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NEWS
September 27, 2014 | By Paul Nussbaum, Inquirer Staff Writer
Thomas Raftery III, the first inspector general of the Delaware River Port Authority, seemed headed for the exit almost from the day he arrived. He finally got there this week, when he submitted his resignation after a contentious two years and eight months on the job. He said the resignation would be effective Oct. 17. A former FBI agent and an investigator of construction fraud in the Afghanistan war zone, Raftery was hired in January 2012 to...
NEWS
November 22, 2013 | BY MENSAH M. DEAN, Daily News Staff Writer deanm@phillynews.com, 215-568-8278
WHILE TWO fired Philadelphia cops were telling a jury yesterday that their actions in the 2008 shooting death of a young father were justified, the city was finalizing a financial settlement with the dead man's mother, the Daily News has learned. An agreement to settle a federal wrongful-death and civil-rights lawsuit filed by the mother of Lawrence Allen, 20, was reached last week, but it has yet to be finalized, Chief Deputy City Solicitor Craig Straw said yesterday. "We are not finished with the paperwork in the settlement yet, so I don't feel comfortable talking about it," said Straw, who added that the amount of the settlement would not be disclosed until the deal was finalized.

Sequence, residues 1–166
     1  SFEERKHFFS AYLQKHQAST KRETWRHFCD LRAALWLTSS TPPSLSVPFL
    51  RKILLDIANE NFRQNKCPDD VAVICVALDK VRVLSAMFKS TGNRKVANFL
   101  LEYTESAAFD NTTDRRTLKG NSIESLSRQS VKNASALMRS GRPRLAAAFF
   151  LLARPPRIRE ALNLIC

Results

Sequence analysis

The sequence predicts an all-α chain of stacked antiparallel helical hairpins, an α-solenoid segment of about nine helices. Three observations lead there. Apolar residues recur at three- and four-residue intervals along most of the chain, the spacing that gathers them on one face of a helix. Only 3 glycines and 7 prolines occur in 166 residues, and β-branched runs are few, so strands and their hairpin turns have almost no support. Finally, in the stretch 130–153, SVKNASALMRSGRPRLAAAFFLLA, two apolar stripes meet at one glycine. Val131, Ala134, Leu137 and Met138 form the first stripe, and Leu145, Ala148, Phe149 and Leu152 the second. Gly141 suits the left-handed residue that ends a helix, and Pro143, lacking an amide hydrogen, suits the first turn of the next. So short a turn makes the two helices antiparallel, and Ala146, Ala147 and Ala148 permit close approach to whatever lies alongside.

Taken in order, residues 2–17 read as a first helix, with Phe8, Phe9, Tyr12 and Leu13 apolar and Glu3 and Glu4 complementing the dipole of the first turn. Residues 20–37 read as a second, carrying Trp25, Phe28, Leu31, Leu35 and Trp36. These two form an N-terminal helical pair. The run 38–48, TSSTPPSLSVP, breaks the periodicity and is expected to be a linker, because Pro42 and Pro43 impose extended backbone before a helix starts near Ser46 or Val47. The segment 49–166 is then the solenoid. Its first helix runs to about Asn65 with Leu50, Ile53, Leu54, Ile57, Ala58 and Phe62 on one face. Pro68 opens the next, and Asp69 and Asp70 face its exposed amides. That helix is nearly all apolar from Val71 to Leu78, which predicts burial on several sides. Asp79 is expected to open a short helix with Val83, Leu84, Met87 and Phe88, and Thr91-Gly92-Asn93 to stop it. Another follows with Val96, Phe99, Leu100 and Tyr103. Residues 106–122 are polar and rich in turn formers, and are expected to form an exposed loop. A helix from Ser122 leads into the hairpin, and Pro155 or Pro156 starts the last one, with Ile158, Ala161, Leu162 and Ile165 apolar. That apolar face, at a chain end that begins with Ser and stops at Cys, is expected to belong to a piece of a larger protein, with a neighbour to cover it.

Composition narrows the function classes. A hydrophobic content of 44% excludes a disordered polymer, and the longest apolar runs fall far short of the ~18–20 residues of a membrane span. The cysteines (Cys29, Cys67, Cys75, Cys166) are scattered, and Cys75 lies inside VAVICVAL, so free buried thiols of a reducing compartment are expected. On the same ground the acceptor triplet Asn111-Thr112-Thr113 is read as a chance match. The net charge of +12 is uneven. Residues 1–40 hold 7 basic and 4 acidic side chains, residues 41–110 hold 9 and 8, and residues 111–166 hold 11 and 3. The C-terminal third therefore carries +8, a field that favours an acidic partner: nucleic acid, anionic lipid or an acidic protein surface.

SPORTS
July 24, 2013
Ohio State football coach Urban Meyer disciplined four players for legal problems, including suspending leading scorer Carlos Hyde from team activities after he was listed as a person of interest in an alleged assault against a female early Saturday in Columbus. Hyde, a 6-foot, 242-pound senior running back, rushed for 970 yards on 185 carries last season. He had 17 touchdowns and 102 points. Meyer said the school awaits the outcome of a criminal investigation and a code-of-conduct investigation.
SPORTS
April 18, 2013 | BY BOB COONEY, Daily News Staff Writer cooneyb@phillynews.com